29. "Full Transcript Of Bush's Iraq Speech". CBS News. 10 January 2007. Retrieved 15 March 2009. 
  30. "Senators fear Iraq war may spill to Iran, Syria". 11 January 2007. Retrieved 15 March 2009. 
  31. Reid, Marsha (7 July 2008). "Covert ops in Iran". Geopolitical Monitor. Retrieved 15 March 2009. 
  32. 32.0 32.1 "Pentagon Says Shabab Bomb Specialist Is Killed in Missile Strike in Somalia", New York Times, 28 Oct. 2013, see:
  33. "'Drone' kills two in Somalia: witnesses: Eyewitnesses say missile came from a drone amid reports dead men are senior members of the al-Shabab armed group". AlJazeera, 28 Oct. 2013, see:
  34. "Same US military unit that got Osama bin laden [sic] killed Anwar al-Awlaki", The Telegraph, UK (September 30, 2011)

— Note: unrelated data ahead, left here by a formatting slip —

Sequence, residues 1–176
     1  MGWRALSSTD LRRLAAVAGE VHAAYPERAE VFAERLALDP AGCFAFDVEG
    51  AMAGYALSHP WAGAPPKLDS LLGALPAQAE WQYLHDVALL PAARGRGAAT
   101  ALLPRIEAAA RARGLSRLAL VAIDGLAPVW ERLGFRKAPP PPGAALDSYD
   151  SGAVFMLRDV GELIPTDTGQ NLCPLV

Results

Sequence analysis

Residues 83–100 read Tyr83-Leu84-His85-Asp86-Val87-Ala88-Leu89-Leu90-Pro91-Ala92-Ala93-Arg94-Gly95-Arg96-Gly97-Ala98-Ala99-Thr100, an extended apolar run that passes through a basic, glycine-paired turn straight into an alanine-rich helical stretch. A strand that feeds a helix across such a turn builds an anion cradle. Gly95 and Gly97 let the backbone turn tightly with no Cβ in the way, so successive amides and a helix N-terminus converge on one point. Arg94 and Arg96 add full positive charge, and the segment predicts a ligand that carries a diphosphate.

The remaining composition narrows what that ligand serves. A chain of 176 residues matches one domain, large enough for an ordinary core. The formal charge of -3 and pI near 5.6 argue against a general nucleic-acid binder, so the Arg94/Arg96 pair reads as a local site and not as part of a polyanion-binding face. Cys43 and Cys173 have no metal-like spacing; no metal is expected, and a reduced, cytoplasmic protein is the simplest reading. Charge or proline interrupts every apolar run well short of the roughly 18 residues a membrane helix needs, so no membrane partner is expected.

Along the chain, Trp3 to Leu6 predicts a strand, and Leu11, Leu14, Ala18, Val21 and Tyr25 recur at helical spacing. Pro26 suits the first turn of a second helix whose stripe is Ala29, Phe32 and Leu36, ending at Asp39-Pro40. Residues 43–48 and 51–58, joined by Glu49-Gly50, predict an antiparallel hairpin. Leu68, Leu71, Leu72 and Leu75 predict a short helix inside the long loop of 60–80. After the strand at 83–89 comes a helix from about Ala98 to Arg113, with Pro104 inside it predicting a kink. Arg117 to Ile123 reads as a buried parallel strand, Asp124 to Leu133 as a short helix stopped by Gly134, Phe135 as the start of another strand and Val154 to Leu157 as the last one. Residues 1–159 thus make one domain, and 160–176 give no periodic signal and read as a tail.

35. Mark Mazzetti, Eric Schmitt and Robert F. Worth, "Two-Year Manhunt Led to Killing of Awlaki in Yemen", New York Times (September 30 2011)
  36. General Bryan D. Brown Aurora[dead link] , Flight Sciences Corporation
  37. "Vice Admiral Named JSOC Head". / McClatchy-Tribune Information Services. 14 June 2008. Retrieved 15 March 2009. 
  38. "Former JSOC Commander McRaven nominated to lead US Special Ops Command". Jan 6, 2010. 
  39. "Votel nominated to head up Joint Special Operations Command". Stars and Stripes. February 17, 2011.